Housing Crisis

‘It's a Tradeoff': New Housing Bills Meant to Solve Housing Crisis Will Allow for Increased Density in Single-Family Lots

Both SB 9 and SB 10 are part of a package of bills meant to curb the housing crisis in California; SB 9 was authored by local State Senator Toni Atkins

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Twenty years ago Gary street near Moctezuma Road road in the College Area was a neighborhood filled with families, at least that’s how Ryan White remembers it when he moved in.

"There was a lot of families in the neighborhood, some elderly [people]," said White. "Now that the elderly have passed or move moved away it became more rentals.”

One day one of those rental properties became two.

"Some of these property owners are buying all these homes, putting these accessory dwelling units, "mini dorms," and they're capitalizing on this,” said White.

White says, property owners, build these second units on their property and then rent them out to multiple students at a time.

Now adding to his concerns are two recently passed state laws that would make it easier for these property owners to expand housing on their property.

Under SB 9, a property owner could split their lot into two separate lots and build a two-residence duplex home on each lot. In place of the one original home, there could now be four.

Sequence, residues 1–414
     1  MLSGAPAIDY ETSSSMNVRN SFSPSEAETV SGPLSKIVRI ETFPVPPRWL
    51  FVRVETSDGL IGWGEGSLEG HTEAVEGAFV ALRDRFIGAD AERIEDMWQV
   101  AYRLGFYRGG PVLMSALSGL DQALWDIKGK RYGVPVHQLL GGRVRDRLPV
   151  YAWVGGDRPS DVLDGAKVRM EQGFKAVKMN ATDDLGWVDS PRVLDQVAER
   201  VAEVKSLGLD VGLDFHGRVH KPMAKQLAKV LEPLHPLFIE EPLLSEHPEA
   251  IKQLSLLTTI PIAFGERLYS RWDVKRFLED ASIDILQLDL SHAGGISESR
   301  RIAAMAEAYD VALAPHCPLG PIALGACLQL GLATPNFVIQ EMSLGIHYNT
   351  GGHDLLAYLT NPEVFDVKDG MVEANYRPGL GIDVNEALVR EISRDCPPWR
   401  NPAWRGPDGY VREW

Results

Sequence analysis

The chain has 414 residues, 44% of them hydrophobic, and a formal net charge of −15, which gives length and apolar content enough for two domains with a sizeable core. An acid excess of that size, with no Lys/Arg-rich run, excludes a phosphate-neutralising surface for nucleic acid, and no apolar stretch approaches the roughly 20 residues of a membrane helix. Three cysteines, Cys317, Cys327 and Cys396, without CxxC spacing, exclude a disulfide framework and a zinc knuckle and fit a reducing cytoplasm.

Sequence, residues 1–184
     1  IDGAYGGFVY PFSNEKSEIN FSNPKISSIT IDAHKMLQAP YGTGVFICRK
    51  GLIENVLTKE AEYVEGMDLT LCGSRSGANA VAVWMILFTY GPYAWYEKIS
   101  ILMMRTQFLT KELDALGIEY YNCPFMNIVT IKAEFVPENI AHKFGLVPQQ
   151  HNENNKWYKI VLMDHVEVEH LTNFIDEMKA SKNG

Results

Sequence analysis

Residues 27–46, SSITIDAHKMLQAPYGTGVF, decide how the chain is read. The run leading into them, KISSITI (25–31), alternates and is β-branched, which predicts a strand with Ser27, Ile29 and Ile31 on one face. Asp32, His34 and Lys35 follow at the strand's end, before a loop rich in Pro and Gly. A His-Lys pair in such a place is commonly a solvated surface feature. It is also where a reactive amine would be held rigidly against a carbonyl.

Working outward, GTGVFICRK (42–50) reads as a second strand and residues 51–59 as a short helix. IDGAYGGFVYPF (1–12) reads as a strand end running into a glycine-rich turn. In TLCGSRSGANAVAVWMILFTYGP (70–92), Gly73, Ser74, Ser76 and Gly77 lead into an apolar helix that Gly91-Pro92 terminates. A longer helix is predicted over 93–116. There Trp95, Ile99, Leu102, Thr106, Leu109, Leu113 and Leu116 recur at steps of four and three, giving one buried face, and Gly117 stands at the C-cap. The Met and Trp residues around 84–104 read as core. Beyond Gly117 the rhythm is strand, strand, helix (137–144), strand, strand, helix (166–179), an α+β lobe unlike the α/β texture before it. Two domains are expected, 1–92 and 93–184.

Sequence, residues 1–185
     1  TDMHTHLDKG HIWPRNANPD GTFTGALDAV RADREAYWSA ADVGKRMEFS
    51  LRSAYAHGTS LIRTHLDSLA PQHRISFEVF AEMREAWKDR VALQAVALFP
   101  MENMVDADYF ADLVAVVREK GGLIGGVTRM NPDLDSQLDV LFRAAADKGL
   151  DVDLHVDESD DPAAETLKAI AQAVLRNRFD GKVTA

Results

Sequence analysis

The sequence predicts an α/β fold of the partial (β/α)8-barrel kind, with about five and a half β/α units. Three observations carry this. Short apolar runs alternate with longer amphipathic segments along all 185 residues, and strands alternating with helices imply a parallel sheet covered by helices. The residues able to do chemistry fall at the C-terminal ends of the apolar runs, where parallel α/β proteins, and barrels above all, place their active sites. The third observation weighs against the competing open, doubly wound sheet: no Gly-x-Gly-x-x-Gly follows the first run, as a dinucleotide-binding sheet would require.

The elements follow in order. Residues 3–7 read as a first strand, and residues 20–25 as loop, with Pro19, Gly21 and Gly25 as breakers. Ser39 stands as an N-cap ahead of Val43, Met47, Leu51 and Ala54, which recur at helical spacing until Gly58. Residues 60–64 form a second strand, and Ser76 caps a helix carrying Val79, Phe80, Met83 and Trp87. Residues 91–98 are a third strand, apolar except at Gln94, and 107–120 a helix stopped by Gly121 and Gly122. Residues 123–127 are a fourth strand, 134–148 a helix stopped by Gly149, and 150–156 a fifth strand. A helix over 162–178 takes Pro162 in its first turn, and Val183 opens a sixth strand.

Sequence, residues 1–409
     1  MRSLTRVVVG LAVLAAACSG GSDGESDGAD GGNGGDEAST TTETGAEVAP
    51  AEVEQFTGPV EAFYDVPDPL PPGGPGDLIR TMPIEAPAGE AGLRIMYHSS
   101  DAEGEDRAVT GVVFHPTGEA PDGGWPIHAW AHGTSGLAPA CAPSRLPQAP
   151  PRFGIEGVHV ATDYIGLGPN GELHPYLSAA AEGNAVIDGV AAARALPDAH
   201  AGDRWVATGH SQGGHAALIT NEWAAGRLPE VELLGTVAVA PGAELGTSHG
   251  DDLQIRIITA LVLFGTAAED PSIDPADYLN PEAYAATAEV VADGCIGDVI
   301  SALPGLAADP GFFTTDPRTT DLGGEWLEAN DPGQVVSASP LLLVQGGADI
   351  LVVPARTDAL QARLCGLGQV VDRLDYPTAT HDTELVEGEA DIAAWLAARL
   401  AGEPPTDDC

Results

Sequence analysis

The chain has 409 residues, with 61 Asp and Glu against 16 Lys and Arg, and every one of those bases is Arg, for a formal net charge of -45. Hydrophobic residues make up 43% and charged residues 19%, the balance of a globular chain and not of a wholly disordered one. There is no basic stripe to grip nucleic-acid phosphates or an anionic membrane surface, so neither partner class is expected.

SB 10 allows a single-family property located in a high-traffic area or near public transit to be re-zoned without an environmental review. The owner could tear down an existing home and replace it with a small apartment building of up to 10 units in its place.

"I just think that it's going to increase density," said White.

Alan Gin, professor of economics at UCSD, adheres to White’s concerns over increased density but he says this is the best way we can solve the housing crisis California is currently undergoing.

According to Zumper, a home rental site, in San Diego, the average rent for a one-bedroom apartment is $2,050. The site estimates this is a 14% increase from last year.

"One problem is on the supply side and one problem is that there's not a lot of land [to build] out there," said Gin. "This [the new legislation] helps to deal with that situation by allowing more units on land.”

A recent study by the Terner Center for Housing Innovation at the University of California Berkley found that SB 9 would most likely lead to 714,000 new homes across the state over the next several years.

"So it's a trade-off," said Gin. "If you want more affordable housing you're going to have to accept in some that some of that density.”

Both SB 9 and SB 10 are part of a package of bills meant to curb the housing crisis in California. SB 9 was authored by local State Senator Toni Atkins.

"The years-long housing crisis has had a deep impact on our state and has contributed to overcrowding, long commutes, and undue disadvantage for lower-income families," said Atkins. "The intent of SB 9 is clear – to streamline the process so homeowners can create a duplex or subdivide their existing property up to four units – and aims to set California’s housing availability on a path of inclusion so that more families can attain the California dream."

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